My first memory of being in water was when I was 5 years old. I can remember the feeling of freedom and just pure, sheer joy, feeling the silky touch of the water on my skin, which is incredible given that the day before I'd had a life-threatening accident. I had fallen through a glass window, inches away from cutting my main artery and resulting in emergency medical attention. Pretty traumatic for everyone involved.
There was something about being in the water that my body held onto and remembered. Bessel Van der Kolk writes about this in his book ‘The Body Keeps the Score’. My body understood the calming nature that the water had and on my nervous system, unclenching from the trauma of the day before that hot summer of 1976.
Fast forward 40 odd years and here I am, a 50 something year old woman, who on an almost daily basis practices getting into ice cold water, whether that's in a freezing cold shower at home or in the pond, the river or if I have time I brave the wild of the sea. My body remembers that the water serves as a medicine. That whatever pain or suffering I’m experiencing, the water will provide some relief.and release.
Today I'm about to go in, a couple of women are coming out all giggly with big smiles on their faces. The air temperature is 1 degree and I imagine the water is probably about the same. It will be cold, my brain will be fighting with itself, the monkey mind will be saying “no don't go in, don't go in it's too cold, stay in your dry robe where it's nice and warm” but I know, when I get in that water my heart will sore, grateful to be alive and I will absolutely lose myself in the moment. As I submerge, concentrating on slow steady breath, paying particular attention to the out breath, I let go of any negative thoughts, any worries, anything making me feel stuck, sad, unhappy, not good enough……. I just am. I am at one with myself, nothing else matters, all I can focus on is my breathing and the beauty of the natural world around me. As a side note, this is one of the only times when I’m not thinking about my body and what it looks like (the community of swimmers around me are completely unabashed about their bodies, this is body confidence in the truest sense), I’m grateful for the extra fat covering my bones. At this time of year I’m only in for 3 minutes to avoid cold incapacitation (where your body loses heat and your swimming becomes cumbersome) because that’s all my body can tolerate. I get out and I'm freezing! Bone crunching cold I call it, my skin is lobster pink, I’m feeling invigorated as the endorphins start to flow through my body. I quickly pat myself dry with my towel as the shivers start to set-in, getting dressed as quick as possible, the pure joy of enveloping myself in my dry robe is indescribable. At this point every time after a cold water immersion I’m engulfed by the same feeling of euphoria that I experienced for the first time all those years ago. The endorphins continue to work their magic long after I get out of the water*, mother nature's anti-depressant, a mood lifter like no other and an energy booster. I am at my most productive and creative after a swim. So this is why I'm a huge advocate of cold water therapy, it's free, you can do it in your home and you are guaranteed to feel better afterwards.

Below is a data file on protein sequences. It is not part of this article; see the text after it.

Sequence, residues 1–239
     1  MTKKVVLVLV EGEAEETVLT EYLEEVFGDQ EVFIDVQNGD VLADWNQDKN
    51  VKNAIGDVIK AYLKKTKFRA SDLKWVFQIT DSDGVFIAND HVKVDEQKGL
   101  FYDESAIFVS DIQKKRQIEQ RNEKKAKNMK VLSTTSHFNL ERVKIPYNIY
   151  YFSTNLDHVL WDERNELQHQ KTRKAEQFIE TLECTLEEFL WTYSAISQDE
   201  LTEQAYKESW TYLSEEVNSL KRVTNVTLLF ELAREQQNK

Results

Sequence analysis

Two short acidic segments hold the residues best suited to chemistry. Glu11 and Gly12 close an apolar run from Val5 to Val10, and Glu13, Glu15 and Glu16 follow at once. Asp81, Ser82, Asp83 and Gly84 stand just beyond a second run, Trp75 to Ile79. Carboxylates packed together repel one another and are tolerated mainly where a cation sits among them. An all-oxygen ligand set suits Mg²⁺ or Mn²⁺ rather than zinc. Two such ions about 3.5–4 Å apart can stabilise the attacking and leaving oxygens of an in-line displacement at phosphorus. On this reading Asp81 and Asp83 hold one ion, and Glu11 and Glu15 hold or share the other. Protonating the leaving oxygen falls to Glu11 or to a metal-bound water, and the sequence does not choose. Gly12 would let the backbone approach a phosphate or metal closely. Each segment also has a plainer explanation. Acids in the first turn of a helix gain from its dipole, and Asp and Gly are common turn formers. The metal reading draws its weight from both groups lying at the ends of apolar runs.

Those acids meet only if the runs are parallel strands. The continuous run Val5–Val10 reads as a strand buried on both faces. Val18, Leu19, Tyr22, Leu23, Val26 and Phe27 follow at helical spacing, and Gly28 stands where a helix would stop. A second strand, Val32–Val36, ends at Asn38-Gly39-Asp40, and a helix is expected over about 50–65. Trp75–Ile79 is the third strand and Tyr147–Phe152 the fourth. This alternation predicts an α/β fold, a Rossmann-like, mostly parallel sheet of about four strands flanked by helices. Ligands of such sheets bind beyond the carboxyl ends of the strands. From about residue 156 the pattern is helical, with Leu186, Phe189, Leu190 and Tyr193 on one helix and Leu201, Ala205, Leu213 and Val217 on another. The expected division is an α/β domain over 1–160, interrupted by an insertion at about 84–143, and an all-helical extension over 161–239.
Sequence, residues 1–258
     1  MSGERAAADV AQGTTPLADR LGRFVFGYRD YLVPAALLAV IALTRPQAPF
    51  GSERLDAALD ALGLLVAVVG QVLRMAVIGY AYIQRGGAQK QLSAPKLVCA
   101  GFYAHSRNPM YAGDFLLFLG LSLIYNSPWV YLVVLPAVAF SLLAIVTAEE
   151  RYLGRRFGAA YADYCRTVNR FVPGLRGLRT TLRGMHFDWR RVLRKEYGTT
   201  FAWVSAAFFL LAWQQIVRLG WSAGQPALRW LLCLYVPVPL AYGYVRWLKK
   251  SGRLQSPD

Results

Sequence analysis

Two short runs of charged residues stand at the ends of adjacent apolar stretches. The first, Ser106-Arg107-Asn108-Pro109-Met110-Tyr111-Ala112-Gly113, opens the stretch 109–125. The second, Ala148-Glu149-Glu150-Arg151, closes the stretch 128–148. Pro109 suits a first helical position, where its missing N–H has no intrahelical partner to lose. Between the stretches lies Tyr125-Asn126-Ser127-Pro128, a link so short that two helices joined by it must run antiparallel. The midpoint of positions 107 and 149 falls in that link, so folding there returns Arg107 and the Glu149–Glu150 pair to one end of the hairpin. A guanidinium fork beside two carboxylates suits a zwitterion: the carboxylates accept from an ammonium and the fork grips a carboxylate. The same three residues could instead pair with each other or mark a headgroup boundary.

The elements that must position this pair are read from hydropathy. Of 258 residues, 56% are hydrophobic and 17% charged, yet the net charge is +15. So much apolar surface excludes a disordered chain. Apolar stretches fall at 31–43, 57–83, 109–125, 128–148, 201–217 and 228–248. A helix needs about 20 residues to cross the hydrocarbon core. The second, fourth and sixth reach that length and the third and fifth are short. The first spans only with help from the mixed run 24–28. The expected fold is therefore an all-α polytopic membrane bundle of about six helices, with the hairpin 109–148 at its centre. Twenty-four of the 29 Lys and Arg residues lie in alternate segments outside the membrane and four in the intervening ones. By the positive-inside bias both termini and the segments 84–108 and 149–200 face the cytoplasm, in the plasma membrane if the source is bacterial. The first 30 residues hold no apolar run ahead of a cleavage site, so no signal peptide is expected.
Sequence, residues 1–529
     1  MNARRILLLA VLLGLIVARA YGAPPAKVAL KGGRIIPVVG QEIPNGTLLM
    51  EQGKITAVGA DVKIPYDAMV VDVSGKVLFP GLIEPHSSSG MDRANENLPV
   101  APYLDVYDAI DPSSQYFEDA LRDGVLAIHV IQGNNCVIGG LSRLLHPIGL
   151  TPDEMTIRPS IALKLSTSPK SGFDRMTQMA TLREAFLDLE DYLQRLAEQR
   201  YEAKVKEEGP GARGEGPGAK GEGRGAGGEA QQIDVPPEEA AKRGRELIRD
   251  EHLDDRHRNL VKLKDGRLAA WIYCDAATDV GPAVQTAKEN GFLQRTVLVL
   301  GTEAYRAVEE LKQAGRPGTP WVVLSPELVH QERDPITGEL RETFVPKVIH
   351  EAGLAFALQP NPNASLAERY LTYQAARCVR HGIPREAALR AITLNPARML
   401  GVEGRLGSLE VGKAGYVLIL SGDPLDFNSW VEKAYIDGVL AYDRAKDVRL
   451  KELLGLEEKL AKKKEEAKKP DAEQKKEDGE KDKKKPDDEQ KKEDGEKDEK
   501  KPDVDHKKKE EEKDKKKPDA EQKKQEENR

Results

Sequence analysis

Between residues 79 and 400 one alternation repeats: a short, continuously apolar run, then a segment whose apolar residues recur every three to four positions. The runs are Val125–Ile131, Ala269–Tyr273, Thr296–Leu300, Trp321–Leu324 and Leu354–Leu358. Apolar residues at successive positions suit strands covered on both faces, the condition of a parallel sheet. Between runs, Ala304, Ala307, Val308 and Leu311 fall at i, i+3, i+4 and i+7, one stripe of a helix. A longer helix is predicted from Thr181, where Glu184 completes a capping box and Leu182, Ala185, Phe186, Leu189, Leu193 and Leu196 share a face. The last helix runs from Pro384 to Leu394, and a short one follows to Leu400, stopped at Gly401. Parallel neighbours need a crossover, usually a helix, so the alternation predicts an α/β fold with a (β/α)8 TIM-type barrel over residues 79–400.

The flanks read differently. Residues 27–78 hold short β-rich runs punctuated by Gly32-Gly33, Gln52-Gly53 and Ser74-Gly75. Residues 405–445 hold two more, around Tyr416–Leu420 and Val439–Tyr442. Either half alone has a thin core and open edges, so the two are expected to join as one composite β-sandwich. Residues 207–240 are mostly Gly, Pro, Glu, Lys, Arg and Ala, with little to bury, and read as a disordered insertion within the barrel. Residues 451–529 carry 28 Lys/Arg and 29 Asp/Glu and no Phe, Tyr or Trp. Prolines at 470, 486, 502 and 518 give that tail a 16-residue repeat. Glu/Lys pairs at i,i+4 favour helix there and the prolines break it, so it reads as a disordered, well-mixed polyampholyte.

In Scandinavia where they have only 4 hrs of daylight during winter months, they swear by winter swimming and sauna, serving as a mood booster during the long dark winters. It is claimed, although the science is still limited, that cold water swimming heightens happiness and fosters a sense of community.
*Science shows this is caused by the fight or flight response to the cold. Cortisol, a stress hormone, is released from the adrenal glands, which maintains this state for minutes to hours while a surge of beta-endorphin hormones in the brain provides pain relief and gives a sense of euphoria. This explains the post swim high that swimmers experience
Potential health benefits of cold water:
Reduces inflammation, swelling and sore muscles
Improved immune response
Increased energy levels
Relief from autoimmune disease